- Johnston v R  NSWCCA 53
- Director of Public Prosecutions (Cth) v Pratten (No 2)  NSWCCA 42
- Woodward v R  NSWCCA 44
Sentencing – gambling addiction – gambling not generally mitigating
In this matter involving substantial embezzlement by an employed accountant, the Court of Criminal Appeal (‘CCA’) has confirmed that, generally, gambling will not be a mitigating factor on sentence – even where the offender has a psychiatric diagnosis of gambling addiction.
The offender was employed as a senior accountant with a mining company. Over the course of about three years he falsified more than 150 invoices which were then paid to him, netting him over $1.25 million. The fraud was detected because no GST had been paid. He spent all the money on gambling: he was diagnosed as suffering from a recognised psychiatric illness in the form of a gambling disorder. He pleaded guilty to a single, rolled-up count of obtaining a financial advantage by deception, per s 192E(1)(b) of the Crimes Act, which carries a 10-year maximum penalty. He pleaded guilty and was sentenced to a term of six years and six months, with a non-parole period of four years. He appealed against the severity of the sentence asserting, amongst other grounds, that the sentencing judge erred by placing insufficient weight on his gambling addiction.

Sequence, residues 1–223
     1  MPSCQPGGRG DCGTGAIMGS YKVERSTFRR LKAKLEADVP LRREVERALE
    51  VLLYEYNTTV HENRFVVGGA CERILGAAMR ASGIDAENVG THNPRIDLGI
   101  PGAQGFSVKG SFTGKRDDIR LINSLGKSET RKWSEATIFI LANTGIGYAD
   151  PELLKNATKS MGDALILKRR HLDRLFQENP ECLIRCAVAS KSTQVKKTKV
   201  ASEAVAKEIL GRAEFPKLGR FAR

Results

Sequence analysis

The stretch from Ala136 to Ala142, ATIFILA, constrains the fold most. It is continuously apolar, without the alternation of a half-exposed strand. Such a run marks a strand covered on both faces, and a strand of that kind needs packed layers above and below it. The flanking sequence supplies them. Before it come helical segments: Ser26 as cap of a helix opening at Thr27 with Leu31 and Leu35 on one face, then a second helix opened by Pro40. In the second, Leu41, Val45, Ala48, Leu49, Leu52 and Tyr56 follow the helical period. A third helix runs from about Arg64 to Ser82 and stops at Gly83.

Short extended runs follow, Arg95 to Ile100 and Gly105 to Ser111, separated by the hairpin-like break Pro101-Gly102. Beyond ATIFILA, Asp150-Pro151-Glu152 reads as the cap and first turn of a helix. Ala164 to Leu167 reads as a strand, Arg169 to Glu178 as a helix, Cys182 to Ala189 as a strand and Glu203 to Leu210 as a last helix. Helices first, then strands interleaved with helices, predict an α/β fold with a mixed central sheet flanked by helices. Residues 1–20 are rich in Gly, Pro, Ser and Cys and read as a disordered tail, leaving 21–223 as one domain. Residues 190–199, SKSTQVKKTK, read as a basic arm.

The CCA (Bathurst CJ, Johnson and Fagan JJ agreeing) dismissed the appeal. Citing a line of cases going back to 1999, the Court found that the fact that offences were committed to feed a gambling addiction will not generally be a mitigating factor, even where (as here) it is pathological. After citing the line of authority in NSW (at ), the Court observed that it was relevant in the present case that the offences were not impulsive, but rather involved careful observation and planning (at ). Additionally, the Court endorsed a Victorian Court of Appeal decision to the effect that gambling addiction will not generally reduce moral culpability where the offence is committed over an extended period because (amongst other reasons) the offender has a degree of choice about how they finance their addiction. Moreover, the gambling is generally viewed as only indirectly responsible for the offending (at ).
The NSW CCA added to the list that, in cases of this nature, where general deterrence is an important factor, it would be inappropriate to treat an underlying explanation that the motive was gambling as a mitigating factor where the frauds were perpetrated and skilfully executed over an extended period (also at ).